Content

Clarity of Mind Foreword Introduction

Interacting with your contract

Clarinet makes it easy run a local mock chain to manually interact with your contracts. You can start an interactive session just like you can with the Clarity REPL. When you initiate the session, Clarinet will automatically deploy your contracts based on the definitions in Clarinet.toml. To start the console:

clarinet console

The console will print a bunch of information. After the Clarinet version, it shows a table of your currently deployed contracts. It should show the counter contract that we just created. If it does not, then there is an error in the code and you should go back to the previous section to figure it out. You can exit out of the console at any time by pressing CTRL + D on your keyboard.

There is a second table that contains a list of addresses and balances. These are local test wallets that are initialised based on the contents of the settings/Development.toml file.

Clarinet console output

Here is the contract output in text format:

Contracts
+---------------------------------------------------+-----------------------------+
| Contract identifier                               | Public functions            |
+---------------------------------------------------+-----------------------------+
| ST1HTBVD3JG9C05J7HBJTHGR0GGW7KXW28M5JS8QE.counter | (count-up)                  |
|                                                   | (get-count (who principal)) |
+---------------------------------------------------+-----------------------------+

Contract calls

Since the console starts a REPL session, we can use the full power of Clarity to play around with our contracts. By default, the tx-sender is equal to the first address in the table. (In the image above, it is ST1HTBVD3JG9C05J7HBJTHGR0GGW7KXW28M5JS8QE.) You can of course verify it by entering tx-sender into the console.

Let us try to read the counter value of tx-sender. It should be u0 because that is the default value we programmed into our contract. The contract-call? function is used to call a public or read-only function in a contract. Its function signature looks as follow:

(contract-call? contract-identifier function-name param-1 param-2 ...)

The contract identifier specifies which contract to call. There are three ways to pass in a contract:

  1. A fully qualified contract principal. This is a Stacks address with a contract name, prefixed by a single quote ('). In our example, it is:

    'ST1HTBVD3JG9C05J7HBJTHGR0GGW7KXW28M5JS8QE.counter
    
  2. A contract specified by shorthand notation. If multiple contracts are deployed by the same tx-sender, then they can refer to each other without including the Stacks address. It is a bit like a relative path:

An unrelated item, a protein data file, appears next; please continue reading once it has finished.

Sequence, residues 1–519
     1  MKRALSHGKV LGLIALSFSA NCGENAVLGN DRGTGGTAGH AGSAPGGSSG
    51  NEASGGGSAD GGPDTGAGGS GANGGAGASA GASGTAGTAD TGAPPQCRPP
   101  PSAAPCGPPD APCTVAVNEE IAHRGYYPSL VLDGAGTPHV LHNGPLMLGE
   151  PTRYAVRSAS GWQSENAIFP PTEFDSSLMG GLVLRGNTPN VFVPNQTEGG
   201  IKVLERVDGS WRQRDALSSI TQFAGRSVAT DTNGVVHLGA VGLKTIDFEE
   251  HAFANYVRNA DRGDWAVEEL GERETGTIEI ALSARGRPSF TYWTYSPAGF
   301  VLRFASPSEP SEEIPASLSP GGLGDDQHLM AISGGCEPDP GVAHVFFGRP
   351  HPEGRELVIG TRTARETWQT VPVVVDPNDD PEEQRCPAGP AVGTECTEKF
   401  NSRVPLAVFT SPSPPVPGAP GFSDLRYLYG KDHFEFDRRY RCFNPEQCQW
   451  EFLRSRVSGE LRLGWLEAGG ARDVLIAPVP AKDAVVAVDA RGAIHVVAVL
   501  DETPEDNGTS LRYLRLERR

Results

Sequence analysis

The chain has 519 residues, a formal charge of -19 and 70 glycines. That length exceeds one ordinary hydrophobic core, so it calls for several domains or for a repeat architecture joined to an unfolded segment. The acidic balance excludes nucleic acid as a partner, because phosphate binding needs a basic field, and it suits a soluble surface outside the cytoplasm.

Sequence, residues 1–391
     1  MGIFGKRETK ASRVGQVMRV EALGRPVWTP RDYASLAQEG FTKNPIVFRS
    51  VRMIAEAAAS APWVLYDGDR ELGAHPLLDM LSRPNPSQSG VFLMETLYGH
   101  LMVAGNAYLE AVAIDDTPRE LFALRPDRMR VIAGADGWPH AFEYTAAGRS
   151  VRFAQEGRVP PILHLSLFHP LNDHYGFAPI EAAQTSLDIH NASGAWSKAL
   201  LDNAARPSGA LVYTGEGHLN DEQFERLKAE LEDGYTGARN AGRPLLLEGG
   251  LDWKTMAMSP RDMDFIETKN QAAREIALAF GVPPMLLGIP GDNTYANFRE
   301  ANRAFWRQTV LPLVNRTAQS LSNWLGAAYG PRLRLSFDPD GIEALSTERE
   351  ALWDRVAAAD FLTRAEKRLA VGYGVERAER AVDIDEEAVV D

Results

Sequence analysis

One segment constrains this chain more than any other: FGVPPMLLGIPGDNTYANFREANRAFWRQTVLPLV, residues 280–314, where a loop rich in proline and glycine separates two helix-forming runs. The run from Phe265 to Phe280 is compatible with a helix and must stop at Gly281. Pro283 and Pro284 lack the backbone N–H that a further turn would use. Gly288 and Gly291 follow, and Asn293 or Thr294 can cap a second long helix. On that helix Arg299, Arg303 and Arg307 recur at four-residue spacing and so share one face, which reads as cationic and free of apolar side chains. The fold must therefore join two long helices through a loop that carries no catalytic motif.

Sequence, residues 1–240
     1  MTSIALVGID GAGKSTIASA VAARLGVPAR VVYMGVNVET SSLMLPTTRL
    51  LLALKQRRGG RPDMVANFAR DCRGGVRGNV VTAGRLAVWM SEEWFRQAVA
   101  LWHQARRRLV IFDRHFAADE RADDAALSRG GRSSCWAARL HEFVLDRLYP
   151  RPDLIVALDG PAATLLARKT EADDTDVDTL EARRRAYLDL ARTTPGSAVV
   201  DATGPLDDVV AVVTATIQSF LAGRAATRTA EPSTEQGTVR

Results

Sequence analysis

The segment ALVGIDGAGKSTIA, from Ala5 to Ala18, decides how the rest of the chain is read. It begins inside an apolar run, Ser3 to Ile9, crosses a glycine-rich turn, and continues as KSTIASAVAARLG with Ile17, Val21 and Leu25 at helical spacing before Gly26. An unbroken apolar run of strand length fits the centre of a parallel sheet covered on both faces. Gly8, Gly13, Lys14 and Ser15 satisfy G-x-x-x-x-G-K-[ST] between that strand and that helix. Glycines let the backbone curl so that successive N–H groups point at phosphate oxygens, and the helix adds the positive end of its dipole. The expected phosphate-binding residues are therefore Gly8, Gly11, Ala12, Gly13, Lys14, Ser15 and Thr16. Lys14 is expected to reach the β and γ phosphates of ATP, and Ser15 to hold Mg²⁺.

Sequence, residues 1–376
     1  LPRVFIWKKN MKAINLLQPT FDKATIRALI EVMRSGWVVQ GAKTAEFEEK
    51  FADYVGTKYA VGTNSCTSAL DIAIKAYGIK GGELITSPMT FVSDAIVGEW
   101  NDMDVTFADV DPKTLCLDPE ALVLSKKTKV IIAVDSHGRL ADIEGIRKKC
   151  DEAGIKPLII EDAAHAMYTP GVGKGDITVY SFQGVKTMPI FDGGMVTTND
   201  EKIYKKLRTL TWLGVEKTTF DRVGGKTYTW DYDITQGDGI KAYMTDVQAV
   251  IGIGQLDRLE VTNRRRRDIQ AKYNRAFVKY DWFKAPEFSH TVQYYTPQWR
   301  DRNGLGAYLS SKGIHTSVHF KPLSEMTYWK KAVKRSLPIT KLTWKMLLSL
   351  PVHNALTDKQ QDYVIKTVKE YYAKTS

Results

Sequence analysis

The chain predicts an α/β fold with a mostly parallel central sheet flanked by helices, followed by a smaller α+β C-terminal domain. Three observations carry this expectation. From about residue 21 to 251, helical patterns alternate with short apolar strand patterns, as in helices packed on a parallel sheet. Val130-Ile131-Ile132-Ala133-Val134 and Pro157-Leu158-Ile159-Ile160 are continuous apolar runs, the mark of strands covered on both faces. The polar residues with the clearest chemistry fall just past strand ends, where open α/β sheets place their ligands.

.counter
    
  3. A trait reference. Those will be covered in the chapter on traits.

What follows is the function name and parameters, if any.

In order to call the get-count function, we therefore type the following:

(contract-call? .counter get-count tx-sender)

If everything went well, the console should respond with the expected u0.

Changing the tx-sender

Now that we know how to call functions in our contract, we can try calling count-up and seeing if the counter for the tx-sender changes:

(contract-call? .counter count-up)

Returns (ok true), indicating the call was successful. Reading the counter status using the call in the last section indeed reveals that the count is now u1!

The console can switch the sending context to any other address. We will pick the second one, called wallet 1, and set it as the tx-sender. For this we use a management command. Those always start with a double colon (::):

::set_tx_sender ST1J4G6RR643BCG8G8SR6M2D9Z9KXT2NJDRK3FBTK

Now we can call into the contract again to verify that the count for this tx-sender is still u0. Remember that now that we changed the sending address to a different one from which the contract was deployed, we have to specify the full contract principal.

(contract-call? 'ST1HTBVD3JG9C05J7HBJTHGR0GGW7KXW28M5JS8QE.counter get-count tx-sender)

Great, it works! Now try calling count-up a few times. You can play around by changing the sender a couple of times and by specifying principals for get-count.

Congratulations, you just made and manually tested your first Clarity smart contract.